I do NOT have large woodworking equipment (routers, table saw, planers, etc.) in my building space. I depend on friends in my model club to help me realize my design ideas with their skill and resources. I always supply detailed, dimensioned drawings or sketches as well as all the materials.

 

I recommend looking at more models in the galleries here for ideas and if you can, source the Seawatch books which show many stunning (mostly antique) examples of superb baseboards.

 

Thanks again for the compliment.

 

Regards,

 

Ron

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My favourite rigging line is the last one! 

I enjoy tying down the shrouds and now I have a system that works for me I'm happy doing the ratlines. Fixed rigging, no problem but when it comes to the running rigging I'm just plain clumsy and ham fisted - drives me mad at times. Plenty of coffee breaks while I try and compose myself and go back to it! On top of that I have the very bad habit of getting somewhat impatient because I'm close to finishing.

Next time I'll do better..... :rolleyes:

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ca.shipwright said it best - 'an hour of rigging is better than an hour of therapy'.  

 

I too enjoy rigging, and will do extensive research to make it as accurate as I can.  That includes the color of the various lines, chaffing considerations, size of the lines, tension (sag), and all the associated blocks, bullseyes, fairleads, deadeyes, and ironwork.  

 

After a few hours of rigging though, I find a good glass of liquid refreshment (ale, rum, bourban) straightens out the eyesight and loosens the muscles....

 

Keep building and above all, have fun~!                     Duff

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To answer the question, yes I enjoy rigging.  

 

As I mostly work on British vessels, I live by Lees Masting and Rigging for the details on everything from dimensional information to some fine drawings on blocks and other pieces.  For schooners, my second love, Chapelle's American Schooners book gives a lot of details on rigging these vessels.   David Antscherl's Volume IV of TFFM offers a lot of great information on rigging.  Peterson's Rigging Period Ship Model offers a lot of good information on rigging a late 18th century frigate.   With these there is no reason to fear masting and rigging due to putting the wrong line in the wrong place, or using the wrong size or belaying points, some or all of which may be reasons why so many don't like rigging.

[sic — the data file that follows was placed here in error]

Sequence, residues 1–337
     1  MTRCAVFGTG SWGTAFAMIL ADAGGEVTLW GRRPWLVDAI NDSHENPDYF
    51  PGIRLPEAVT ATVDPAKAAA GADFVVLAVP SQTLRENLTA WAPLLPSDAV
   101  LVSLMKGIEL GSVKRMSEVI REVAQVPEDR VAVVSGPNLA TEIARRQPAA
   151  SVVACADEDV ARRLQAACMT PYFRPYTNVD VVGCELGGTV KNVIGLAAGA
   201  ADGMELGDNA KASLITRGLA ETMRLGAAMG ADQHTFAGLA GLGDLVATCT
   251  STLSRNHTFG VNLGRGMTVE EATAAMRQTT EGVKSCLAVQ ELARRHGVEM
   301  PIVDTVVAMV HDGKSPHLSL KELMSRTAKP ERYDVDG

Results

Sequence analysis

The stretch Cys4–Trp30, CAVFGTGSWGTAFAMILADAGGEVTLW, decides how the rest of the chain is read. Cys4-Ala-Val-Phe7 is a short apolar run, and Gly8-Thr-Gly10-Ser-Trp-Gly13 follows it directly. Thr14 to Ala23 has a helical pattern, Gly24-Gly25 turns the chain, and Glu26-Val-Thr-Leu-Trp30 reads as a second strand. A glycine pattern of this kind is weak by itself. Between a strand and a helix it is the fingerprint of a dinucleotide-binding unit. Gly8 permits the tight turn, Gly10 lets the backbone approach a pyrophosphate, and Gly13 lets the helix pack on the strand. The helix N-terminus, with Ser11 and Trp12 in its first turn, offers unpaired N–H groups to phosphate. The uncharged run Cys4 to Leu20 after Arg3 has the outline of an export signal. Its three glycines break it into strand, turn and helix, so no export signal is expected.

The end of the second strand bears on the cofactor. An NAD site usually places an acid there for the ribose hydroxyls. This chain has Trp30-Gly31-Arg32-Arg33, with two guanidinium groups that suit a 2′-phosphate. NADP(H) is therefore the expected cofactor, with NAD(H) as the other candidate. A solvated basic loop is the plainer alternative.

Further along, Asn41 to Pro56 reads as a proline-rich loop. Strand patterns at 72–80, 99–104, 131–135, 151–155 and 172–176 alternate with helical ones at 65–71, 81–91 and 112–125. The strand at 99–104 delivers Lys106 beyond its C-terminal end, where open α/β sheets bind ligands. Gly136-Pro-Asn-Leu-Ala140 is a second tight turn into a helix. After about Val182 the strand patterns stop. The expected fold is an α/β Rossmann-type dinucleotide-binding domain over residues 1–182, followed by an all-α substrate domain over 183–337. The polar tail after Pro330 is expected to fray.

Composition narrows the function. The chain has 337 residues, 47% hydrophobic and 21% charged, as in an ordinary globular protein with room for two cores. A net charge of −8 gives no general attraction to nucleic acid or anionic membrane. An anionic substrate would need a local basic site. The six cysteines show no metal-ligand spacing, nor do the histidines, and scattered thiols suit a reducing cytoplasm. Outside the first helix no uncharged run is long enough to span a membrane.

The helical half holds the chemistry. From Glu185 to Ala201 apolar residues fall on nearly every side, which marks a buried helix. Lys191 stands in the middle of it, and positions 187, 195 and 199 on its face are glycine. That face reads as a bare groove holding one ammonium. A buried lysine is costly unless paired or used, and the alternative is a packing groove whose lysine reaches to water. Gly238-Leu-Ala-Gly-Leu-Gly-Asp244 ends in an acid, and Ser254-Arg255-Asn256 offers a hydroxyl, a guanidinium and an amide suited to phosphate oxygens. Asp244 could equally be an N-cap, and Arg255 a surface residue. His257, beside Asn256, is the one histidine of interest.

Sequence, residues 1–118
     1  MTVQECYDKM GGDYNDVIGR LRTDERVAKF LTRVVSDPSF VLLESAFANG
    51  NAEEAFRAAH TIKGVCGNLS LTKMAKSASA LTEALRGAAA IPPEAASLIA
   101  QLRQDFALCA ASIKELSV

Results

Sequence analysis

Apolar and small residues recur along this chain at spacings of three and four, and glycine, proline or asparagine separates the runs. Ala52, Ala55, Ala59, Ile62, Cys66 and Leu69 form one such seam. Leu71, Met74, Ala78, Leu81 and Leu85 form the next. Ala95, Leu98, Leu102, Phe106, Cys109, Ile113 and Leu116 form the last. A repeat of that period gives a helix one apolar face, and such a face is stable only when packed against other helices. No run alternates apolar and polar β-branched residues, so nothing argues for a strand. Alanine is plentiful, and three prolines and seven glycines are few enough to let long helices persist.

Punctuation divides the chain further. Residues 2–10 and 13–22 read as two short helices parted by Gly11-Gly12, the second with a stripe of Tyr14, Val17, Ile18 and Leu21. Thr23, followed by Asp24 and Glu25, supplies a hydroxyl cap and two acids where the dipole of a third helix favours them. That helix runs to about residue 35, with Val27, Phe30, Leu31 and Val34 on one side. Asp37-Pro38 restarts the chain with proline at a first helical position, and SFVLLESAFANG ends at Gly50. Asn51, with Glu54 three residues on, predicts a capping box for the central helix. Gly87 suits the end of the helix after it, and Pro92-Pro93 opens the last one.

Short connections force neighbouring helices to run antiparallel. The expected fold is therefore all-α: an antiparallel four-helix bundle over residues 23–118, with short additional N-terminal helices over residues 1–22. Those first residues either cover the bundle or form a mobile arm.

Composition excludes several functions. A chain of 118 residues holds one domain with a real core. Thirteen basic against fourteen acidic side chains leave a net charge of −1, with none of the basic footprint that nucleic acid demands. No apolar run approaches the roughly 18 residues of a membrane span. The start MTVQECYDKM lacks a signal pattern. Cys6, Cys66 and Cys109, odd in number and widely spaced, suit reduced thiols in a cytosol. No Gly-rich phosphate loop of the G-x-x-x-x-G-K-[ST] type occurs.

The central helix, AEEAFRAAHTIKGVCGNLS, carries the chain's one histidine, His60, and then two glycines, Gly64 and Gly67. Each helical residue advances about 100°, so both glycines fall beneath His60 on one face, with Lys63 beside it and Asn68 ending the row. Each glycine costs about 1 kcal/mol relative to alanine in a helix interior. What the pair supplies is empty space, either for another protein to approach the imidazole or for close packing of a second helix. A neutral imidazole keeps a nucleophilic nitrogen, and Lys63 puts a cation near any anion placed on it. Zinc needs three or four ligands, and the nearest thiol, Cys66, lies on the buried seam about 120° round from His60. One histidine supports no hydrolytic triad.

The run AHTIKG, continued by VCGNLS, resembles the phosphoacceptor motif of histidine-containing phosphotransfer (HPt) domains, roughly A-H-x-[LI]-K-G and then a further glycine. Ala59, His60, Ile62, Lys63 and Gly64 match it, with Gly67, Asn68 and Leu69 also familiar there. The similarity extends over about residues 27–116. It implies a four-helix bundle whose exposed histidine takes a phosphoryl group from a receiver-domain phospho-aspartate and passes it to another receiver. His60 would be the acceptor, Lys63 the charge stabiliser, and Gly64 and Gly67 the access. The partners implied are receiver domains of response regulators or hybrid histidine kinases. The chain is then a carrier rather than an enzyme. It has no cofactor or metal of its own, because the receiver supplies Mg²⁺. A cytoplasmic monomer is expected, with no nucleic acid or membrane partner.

Allan

Edited by allanyed

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I am new to the hobby - being in only my second build (the Mary Byrne) - but during my first build I found the rigging part to be very enjoyable. However I also found it very frustrating whenever I list tension or couldn't get a knot tied. Yes, rigging is enjoyable - but so was the Gil work, the planking and the deck furniture....

Cheers

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 Other than affixing ratlines to the shrouds, which is perhaps the most hideously tedious task I have ever inflicted on myself on a fairly regular basis, I have always enjoyed the sort of  zen sensation that accompanies the rigging process. If the rigging can be made to actually function accurately, it is a source of a wonderful sense of accomplishment. Intricate rigging, authentically executed, is a highlight of any ship model and a true thing of beauty in its own right. The extravagant sculpture that is the rigging of a big frigate or windjammer is breathtaking when done well, and worth every second of the requisite effort.

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I not only like to rig my ships, but I also enjoy making my line. I am presently working on Model Shipways Constitution. I have pre hung as much of the rigging as I could before installing the masts. 

post-747-0-04044500-1486254697_thumb.jpg